Yet inevitably—perhaps because it originated from a place of brokenness and anger—cancel culture began to twist and bend out of shape. It started coming for the powerless, shutting down discussions that would've been beneficial, splintering communities and stymying learning opportunities.
Of cancel culture in the queer community, Ryan Li Dahlstrom writes, "I'm feeling really tired of the call out culture on social media especially within the queer/trans people of color communities. We need to center and build relationships with each other…By making these public attacks on each other, we are engaging in the same disposability politics of capitalism and the prison industrial complex that we purport to be against while feeding into state surveillance tactics that are monitoring how we are tearing each other down."
Cancel culture ultimately idealizes unattainable standards, a fact that led even Barack Obama to critique the trend. "This idea of purity and you're never compromised and you're always politically 'woke' and all that stuff," he said. "The world is messy; there are ambiguities… People who do really good stuff have flaws." He emphasized that cancel culture "is not activism," which it isn't. It can provide immediate gratification and can be cathartic—but while writing a poem about how angry you are (usually) doesn't hurt anyone, cancel culture can have visceral consequences, particularly for people without the resources to bounce back.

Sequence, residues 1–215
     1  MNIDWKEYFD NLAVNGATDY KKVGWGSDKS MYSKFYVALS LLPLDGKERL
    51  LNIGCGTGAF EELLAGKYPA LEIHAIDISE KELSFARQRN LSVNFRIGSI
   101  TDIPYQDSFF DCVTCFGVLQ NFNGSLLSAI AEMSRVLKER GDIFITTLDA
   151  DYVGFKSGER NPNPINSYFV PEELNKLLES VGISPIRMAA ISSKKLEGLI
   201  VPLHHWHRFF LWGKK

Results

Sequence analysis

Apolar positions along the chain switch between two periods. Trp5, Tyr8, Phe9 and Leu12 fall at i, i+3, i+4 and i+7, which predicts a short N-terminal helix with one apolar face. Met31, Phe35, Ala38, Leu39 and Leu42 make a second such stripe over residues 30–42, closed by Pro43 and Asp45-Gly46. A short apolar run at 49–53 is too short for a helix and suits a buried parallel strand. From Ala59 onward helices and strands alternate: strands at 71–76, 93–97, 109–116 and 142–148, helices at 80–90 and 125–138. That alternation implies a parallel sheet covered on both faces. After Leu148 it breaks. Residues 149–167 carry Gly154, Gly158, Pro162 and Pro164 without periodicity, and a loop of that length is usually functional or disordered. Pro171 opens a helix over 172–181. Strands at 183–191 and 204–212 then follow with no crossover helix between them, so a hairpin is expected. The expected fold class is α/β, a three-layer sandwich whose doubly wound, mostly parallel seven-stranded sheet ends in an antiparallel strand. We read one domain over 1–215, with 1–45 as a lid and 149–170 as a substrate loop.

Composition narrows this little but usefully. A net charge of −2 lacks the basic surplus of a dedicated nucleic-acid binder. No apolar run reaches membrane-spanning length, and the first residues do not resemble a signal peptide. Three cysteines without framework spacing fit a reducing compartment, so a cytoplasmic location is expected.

It can also lead to burnout on all sides. "One way to heal this emotional drain is to consider what change you're hoping for. Do you actually want this person to learn and do better, or just to feel bad about what they did?" writes Maisha Z. Johnson.
This isn't to say we shouldn't be angry, or that we should all just "get along"; centrism, tolerance, and "politeness" have always been used to breed stagnancy and cover up true harm. But it's important to remember that cancel culture usually does very little to change the things it was trying to address, like systemic violence, racism, transphobia, and the like. If anything, it can perpetuate unproductive constructs. Critiquing Lana Del Rey for dating a cop might feel satisfactory in the short-term, but we can't delude ourselves into thinking it will do anything at all about police brutality.